National Geographic : 1921 Jan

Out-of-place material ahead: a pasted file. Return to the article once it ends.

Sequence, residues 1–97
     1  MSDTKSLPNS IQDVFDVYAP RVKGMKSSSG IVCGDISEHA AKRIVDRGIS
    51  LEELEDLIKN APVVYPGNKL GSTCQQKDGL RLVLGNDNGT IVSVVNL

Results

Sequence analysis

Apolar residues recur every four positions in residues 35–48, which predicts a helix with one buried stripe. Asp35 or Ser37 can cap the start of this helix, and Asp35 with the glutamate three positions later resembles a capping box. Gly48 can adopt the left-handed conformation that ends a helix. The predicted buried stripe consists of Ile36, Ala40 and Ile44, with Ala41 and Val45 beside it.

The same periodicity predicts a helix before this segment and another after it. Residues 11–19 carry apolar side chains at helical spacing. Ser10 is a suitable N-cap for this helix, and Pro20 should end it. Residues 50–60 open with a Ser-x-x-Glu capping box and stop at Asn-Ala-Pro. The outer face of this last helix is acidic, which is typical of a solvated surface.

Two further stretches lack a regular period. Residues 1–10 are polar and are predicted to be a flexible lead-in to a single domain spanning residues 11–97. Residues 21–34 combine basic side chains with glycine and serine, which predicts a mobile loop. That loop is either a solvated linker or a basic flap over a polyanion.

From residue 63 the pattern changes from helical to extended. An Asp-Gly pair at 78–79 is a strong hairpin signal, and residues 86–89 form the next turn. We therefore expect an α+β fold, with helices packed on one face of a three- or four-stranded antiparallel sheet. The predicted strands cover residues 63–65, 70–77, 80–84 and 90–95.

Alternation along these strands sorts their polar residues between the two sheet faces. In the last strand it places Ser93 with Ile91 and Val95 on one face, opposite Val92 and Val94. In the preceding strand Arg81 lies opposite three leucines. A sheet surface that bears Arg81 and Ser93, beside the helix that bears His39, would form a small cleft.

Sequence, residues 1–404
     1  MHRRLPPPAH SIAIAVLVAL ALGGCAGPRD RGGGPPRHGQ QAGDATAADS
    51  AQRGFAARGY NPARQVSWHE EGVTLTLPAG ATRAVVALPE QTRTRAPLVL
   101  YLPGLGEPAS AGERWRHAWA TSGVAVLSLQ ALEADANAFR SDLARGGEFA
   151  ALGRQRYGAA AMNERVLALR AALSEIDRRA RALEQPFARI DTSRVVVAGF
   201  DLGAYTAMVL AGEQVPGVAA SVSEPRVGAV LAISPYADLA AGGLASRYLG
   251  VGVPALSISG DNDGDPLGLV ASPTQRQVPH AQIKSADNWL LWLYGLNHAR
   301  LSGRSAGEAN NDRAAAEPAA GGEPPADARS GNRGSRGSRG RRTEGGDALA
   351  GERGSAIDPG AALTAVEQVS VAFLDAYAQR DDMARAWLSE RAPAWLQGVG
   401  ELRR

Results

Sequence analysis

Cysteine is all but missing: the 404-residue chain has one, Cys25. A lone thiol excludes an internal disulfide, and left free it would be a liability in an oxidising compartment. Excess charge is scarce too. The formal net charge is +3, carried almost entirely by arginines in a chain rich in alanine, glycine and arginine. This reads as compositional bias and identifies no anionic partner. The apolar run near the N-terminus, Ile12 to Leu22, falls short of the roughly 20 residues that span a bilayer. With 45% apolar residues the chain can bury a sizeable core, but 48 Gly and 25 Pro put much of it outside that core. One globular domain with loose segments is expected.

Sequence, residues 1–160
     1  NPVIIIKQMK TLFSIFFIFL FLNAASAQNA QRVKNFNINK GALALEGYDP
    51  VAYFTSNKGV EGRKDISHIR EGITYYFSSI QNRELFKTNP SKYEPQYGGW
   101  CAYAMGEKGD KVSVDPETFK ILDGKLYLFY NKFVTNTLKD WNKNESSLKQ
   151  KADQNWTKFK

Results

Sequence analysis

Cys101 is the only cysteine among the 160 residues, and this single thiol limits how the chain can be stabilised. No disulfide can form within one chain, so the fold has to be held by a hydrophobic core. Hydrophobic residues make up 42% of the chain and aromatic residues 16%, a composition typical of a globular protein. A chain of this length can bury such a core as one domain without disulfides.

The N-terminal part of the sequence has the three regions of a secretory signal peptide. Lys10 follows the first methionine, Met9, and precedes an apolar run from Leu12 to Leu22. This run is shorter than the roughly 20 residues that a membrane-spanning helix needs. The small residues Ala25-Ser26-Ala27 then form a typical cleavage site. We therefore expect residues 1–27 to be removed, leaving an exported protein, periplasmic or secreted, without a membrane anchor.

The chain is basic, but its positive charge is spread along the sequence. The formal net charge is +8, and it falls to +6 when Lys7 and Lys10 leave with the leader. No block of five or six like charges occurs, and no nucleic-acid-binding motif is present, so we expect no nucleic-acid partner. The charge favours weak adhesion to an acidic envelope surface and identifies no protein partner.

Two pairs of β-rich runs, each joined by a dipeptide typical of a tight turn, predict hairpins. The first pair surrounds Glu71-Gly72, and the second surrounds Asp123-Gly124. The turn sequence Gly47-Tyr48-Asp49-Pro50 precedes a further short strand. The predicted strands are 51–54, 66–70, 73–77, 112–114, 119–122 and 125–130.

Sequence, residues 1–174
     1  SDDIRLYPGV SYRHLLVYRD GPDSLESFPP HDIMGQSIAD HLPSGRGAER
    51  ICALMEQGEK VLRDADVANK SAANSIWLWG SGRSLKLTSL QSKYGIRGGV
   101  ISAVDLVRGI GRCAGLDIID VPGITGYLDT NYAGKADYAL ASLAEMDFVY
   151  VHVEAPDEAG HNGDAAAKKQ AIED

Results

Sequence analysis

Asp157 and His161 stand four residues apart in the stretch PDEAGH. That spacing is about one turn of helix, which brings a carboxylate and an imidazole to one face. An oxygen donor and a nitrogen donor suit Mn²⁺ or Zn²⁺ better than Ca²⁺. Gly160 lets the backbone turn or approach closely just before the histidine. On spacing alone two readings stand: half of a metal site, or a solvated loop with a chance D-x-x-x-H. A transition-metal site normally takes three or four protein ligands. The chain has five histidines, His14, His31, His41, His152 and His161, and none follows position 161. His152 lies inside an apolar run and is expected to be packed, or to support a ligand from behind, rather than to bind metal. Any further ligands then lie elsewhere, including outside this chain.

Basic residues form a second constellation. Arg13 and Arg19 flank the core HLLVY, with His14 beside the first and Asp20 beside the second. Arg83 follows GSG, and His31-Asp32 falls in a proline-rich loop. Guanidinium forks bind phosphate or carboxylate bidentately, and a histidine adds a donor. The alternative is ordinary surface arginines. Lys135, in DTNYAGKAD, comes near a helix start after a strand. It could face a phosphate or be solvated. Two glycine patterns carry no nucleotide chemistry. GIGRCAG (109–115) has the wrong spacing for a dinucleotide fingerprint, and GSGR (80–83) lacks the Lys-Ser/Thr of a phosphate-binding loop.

EVERY-DAY LIFE IN AFGHANISTAN age, especially in the northern parts of the country, where boys of fourteen marry girls of not more than ten or twelve years of age. Amir Habibullah Khan (who was as sassinated in 1919) had a harem of over 100oo women, and among these, strangely enough, were a few Europeans. The present Amir, Amanullah Khan, has but one wife. The women of Afghanistan are kept in more rigid seclusion and are more closely veiled than the women of any other Moslem land. The Afghan is notoriously jealous of his harem, and few indeed are the men of the outside world who have ever looked on the face of an Afghan woman of the towns. With the desert women, wives and daughters of the nomads, it is different; the Koran permits them to go unveiled. AIGIIAN WOMEN ARE NOT TAUGHT TO READ OR WRITE Like the Arab, the Afghan considers it unnecessary and even unwise that women should learn to read or write. No girls are admitted to the bazaar schools and no mullahs are employed to teach them, and Afghanistan knows nothing of women teachers. In spite of their illiteracy, however, many individual Afghan women wield no little influence in tribal affairs, and, as a rule, the wives of the upper classes lead a comfortable and apparently happy life. They are lavishly provided with every luxury of food and dress which Afghan means can afford, and they visit con stantly from one harem to another to gossip, sing, and play games. To be left childless is counted life's saddest misfor tune. About the time the little girls of the family put on their veils, the boys of the same age must begin their studies. First of all, a boy is taught to ride; then to hunt and shoot. The horse is the Afghan's constant companion. The education of middle and lower class boys is in charge of the mullahs, or teachers. Usually a shabby house or convenient nook in the bazaar is utilized as a school-room, the boys sitting on the floor and studying aloud. The pupils are often surrounded by an interested group of long-haired, wild-looking camel-driv ers or visiting nomads. The government contributes nothing to maintain public schools. Often the better families send their sons to be educated at universities in India. Few Afghans have acquired any con siderable knowledge by travel in other countries.* The late Habibullah Khan probably surpassed all his subjects in in tellectual attainments, for he had special ized in history and the sciences. Next to him, the most educated Afghan of today is the editor of the only Afghan news paper, the Saradj-ul-Akhbar. This editor, who has traveled much in India and Turkey, is at the present time also hold ing the position of Mlinister of Foreign Affairs. The longest journey any Afghan has ever undertaken was made by Nasrullah Khan, the brother of tl: murdered Amir, who traveled to England in 1895. The present Amir has never left his country; his brother, however, has been in India several times. Yet, on the whole, an eager desire for learning is innate in every Afghan, and of late years not only Indian, but also British, culture and _ustoms have begun to influence the better classes of the people. The Afghans call their language "Push too." For official matters, however, the Persian idiom is used and understood over most of the country. The Turkish and Mongolian tribes in western and central Afghanistan speak their own tongues. The ruling Amir knows Per sian, some Pushtoo, and Turkish. THE AMIR LOVES PICTURES AND IS A GOOD AMATEUR PHOTOGRAPHER Foreign newspapers, most of them coming from India, are most carefully read at the Amir's court, where they are translated by hired students trained in India. The Amir delights in illustrated newspapers and is himself a fairly good photographer. The Afghan works no more than is absolutely necessary to make his living. The upper classes consider it their privi *The only considerable group of Afghans who seem ever to have gotten far from home is a colony of men taken to Australia some years ago for handling camel caravans on the Australian deserts.